There you have it folks. As you can see from the items above, the key lies in active decision-making; deciding on a schedule of posts, a time to write those posts, and the format/size of those posts. From prior experience, I can tell you that lack of decision-making leads to reduced productivity (in this case, fewer-than-hoped blog posts) and reduced satisfaction. 

To all my fellow bloggers out there, let's push back on indecisiveness in 2017 and end our "blogger 2017 year" on a high note.

Until next time :)

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Saturday, January 7, 2017

2016 Recap and 2017 Action Items

Happy New Year everyone!

Hopefully you're feeling refreshed from the holiday break and ready to take on 2017 with renewed gusto.

I've read several people's 2016 recap posts/videos across the blogosphere and YouTube (I especially enjoyed reading that of Berry Dakara and Kacheetee, and watching a 2016 recap video on the
JamieandNikki YouTube channel) and decided to do one similar. For the sake of organization, I will group mine into "themed buckets" with 2017 action items for each bucket following afterwards.

I ventured into a bit of travel this year, mostly work-related and within Nigeria -- see locations below.

  • Borno: wetin Boko Haram fit do me?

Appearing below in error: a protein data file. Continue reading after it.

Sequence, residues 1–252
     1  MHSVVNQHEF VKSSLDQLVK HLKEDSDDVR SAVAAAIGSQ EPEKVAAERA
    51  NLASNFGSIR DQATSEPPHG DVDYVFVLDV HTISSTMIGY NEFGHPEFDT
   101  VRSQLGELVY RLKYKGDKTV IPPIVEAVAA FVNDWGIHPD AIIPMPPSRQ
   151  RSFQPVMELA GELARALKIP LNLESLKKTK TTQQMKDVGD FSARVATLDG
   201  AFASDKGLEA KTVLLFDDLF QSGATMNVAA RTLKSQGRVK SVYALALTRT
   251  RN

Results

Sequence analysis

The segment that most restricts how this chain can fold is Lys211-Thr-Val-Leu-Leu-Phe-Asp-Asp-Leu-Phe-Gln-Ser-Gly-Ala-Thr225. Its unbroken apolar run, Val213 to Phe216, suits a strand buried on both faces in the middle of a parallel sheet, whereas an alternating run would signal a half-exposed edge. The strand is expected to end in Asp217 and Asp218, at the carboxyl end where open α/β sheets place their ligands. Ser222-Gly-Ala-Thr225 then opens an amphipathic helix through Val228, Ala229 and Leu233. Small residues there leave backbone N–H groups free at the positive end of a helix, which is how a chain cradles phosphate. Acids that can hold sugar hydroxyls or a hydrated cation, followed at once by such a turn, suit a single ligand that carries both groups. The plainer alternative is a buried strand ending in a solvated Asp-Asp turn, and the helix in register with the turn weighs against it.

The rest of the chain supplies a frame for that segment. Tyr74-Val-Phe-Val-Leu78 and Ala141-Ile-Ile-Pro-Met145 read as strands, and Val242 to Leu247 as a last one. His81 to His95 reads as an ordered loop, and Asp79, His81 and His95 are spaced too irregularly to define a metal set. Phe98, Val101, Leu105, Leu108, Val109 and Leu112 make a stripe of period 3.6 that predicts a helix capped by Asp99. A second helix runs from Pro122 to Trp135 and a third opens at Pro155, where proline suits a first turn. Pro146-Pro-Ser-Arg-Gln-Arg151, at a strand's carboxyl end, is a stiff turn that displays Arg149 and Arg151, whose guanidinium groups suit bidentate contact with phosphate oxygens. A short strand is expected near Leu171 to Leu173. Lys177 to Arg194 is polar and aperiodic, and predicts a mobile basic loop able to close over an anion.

• Kaduna
  • Sokoto: their Kilishi is indeed the best I've had to date
  • Kebbi
  • Jos: FUN-related wedding matters with good friends and cool, breezy weather to match
  • Ghana: a very special birthday trip -- Labadi Beach, the Artists Alliance Gallery, and Republic Bar and Grill were definite fave spots of the trip :)
2017 Action Items: 
  • Travel to at least 3 additional states within Nigeria
  • Travel to at least 2 countries outside of Nigeria 

Financial management is an important skill to acquire and practice in one's personal life. While I can't brag to be the "best at this, I do pat myself on the back for taking steps towards improvement in this area in 2016. They include:

  • Documenting and reviewing my expenses on a monthly basis: this helped me monitor my spending habits, identify major cost drivers
  • Purchasing / studying "The Smart Money Woman" by Arese Ugwu. I thoroughly enjoyed this book and picked out some critical money management tips that I've already started implementing
2017 Action Items:
  • Create and stick to a strict monthly budget
  • Document my weekly expenses and review monthly
  • Get disciplined with tithing (*covers face with hands*)

To be straight with you, this was not strong in 2016. I dealt with doubt, disillusionment, and distance in my relationship with God and I was simply not disciplined enough to get back on track.

2017 Action Items: 

  • Reignite my awe and reverence for the beauty and magnificence of God and how He operates in my life (His grace, His mercy, and His blend of justice)
  • Keep a daily gratitude journal: write 5 things I'm grateful for each day at night before bed
  • Give more: empathy, forgiveness, and energy to name a few things

This was definitely not strong either. I only had eight posts published on the blog in 2016 -- that doesn't even average out to one per month! I can throw several excuses to "justify" this (e.g. too busy with work, frequent writer's block episodes, yada yada yada). Simple truth is I did not make the blog and writing for it a priority in 2016 and danced a little too much with procrastination.